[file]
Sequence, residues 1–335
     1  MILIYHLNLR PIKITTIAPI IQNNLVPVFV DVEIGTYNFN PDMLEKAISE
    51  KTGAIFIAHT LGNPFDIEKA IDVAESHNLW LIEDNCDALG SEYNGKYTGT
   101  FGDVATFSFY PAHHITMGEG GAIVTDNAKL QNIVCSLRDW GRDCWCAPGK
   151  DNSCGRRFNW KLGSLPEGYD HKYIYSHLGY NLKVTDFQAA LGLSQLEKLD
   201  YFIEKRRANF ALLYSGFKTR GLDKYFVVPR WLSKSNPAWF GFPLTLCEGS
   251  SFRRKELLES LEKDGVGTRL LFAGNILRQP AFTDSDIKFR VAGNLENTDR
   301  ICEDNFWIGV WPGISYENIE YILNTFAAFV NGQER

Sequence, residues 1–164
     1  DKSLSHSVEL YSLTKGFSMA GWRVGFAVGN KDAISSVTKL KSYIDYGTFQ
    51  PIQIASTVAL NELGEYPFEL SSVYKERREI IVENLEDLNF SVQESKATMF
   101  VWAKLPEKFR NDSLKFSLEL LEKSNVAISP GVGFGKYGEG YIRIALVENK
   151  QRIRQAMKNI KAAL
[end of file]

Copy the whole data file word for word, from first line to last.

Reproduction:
Sequence, residues 1–335
     1  MILIYHLNLR PIKITTIAPI IQNNLVPVFV DVEIGTYNFN PDMLEKAISE
    51  KTGAIFIAHT LGNPFDIEKA IDVAESHNLW LIEDNCDALG SEYNGKYTGT
   101  FGDVATFSFY PAHHITMGEG GAIVTDNAKL QNIVCSLRDW GRDCWCAPGK
   151  DNSCGRRFNW KLGSLPEGYD HKYIYSHLGY NLKVTDFQAA LGLSQLEKLD
   201  YFIEKRRANF ALLYSGFKTR GLDKYFVVPR WLSKSNPAWF GFPLTLCEGS
   251  SFRRKELLES LEKDGVGTRL LFAGNILRQP AFTDSDIKFR VAGNLENTDR
   301  ICEDNFWIGV WPGISYENIE YILNTFAAFV NGQER

Sequence, residues 1–164
     1  DKSLSHSVEL YSLTKGFSMA GWRVGFAVGN KDAISSVTKL KSYIDYGTFQ
    51  PIQIASTVAL NELGEYPFEL SSVYKERREI IVENLEDLNF SVQESKATMF
   101  VWAKLPEKFR NDSLKFSLEL LEKSNVAISP GVGFGKYGEG YIRIALVENK
   151  QRIRQAMKNI KAAL